Governments use tax expenditures to boost investment, innovation and employment. However, these schemes are largely opaque, costly and often ineffective in reaching their stated goals. They also frequently trigger unwanted side effects. In order to improve the performance of these tools, the authors present three concrete policy proposals: First, governments should increase transparency on tax benefits. G20 members should take the lead on this with frequent and comprehensive tax expenditure reports. Second, G20 governments should improve the design of tax incentives with the aim of minimizing the generation of windfall profits and negative spillover effects within and across (in particular, on poorer) countries. Third, governments should phase out tax expenditures that are environmentally harmful, including tax incentives for fossil fuels and other schemes that promote an unsustainable use of natural resources.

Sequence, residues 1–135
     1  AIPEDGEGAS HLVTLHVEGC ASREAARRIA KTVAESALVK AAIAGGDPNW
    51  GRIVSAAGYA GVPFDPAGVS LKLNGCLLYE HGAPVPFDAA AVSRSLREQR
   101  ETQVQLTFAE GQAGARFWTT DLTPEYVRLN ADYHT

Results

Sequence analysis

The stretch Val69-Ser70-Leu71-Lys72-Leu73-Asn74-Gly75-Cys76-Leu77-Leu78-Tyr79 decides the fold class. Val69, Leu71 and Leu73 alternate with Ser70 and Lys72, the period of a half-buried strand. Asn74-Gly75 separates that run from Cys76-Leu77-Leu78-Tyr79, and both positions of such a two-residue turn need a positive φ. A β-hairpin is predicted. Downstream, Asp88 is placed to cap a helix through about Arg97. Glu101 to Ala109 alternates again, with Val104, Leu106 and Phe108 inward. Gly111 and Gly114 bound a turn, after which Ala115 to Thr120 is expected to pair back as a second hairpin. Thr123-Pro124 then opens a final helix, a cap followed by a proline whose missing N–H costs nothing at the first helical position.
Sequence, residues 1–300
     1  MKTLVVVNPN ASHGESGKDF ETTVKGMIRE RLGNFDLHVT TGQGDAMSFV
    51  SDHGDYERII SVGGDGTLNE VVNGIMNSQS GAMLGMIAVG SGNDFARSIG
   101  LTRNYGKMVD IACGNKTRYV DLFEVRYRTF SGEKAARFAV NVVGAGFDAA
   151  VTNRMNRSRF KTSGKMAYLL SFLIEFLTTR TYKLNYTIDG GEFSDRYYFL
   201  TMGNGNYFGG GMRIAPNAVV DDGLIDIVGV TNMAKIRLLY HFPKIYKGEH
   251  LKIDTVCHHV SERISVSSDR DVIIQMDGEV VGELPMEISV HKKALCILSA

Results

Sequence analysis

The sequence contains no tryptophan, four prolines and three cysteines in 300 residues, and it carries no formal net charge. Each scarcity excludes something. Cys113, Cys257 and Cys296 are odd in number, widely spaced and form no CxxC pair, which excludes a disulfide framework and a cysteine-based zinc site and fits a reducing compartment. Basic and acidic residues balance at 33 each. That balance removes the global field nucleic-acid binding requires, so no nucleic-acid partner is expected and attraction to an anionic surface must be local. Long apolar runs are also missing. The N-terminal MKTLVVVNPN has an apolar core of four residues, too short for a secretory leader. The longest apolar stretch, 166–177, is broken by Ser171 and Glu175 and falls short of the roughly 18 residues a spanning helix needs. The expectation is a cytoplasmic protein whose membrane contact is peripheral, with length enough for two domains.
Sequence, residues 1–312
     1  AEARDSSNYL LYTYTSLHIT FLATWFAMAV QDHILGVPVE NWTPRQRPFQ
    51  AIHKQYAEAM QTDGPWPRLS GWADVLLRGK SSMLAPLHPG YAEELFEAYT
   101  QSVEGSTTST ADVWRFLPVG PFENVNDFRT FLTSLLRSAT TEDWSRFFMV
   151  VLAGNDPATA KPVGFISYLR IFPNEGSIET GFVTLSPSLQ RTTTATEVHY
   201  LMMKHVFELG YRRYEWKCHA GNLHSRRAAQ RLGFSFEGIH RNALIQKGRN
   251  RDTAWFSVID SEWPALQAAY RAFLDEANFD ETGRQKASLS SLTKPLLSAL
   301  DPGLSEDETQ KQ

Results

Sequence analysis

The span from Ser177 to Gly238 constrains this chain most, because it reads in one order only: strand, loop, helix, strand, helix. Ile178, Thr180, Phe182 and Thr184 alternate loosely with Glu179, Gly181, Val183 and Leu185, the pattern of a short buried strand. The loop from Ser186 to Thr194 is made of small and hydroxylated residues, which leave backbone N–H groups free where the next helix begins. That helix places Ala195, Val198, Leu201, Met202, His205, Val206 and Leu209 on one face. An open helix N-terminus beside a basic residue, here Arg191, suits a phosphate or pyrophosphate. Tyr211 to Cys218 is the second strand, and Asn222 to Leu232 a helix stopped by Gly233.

Agustin Redonda, Santiago Diaz de Sarralde, Mark Hallerberg, Lise Johnson, Ariel Melamud, Ricardo Rozemberg, Jakob Schwab & Christian von Haldenwang,
Tax Expenditure and the Treatment of Tax Incentives for Investment,
Economics: The Open-Access, Open-Assessment E-Journal, 13 (2019-12): 1–11; Economics Discussion Papers, No 2018-57, Kiel Institute for the World Economy
Available at: https://scholarship.law.columbia.edu/sustainable_investment_staffpubs/57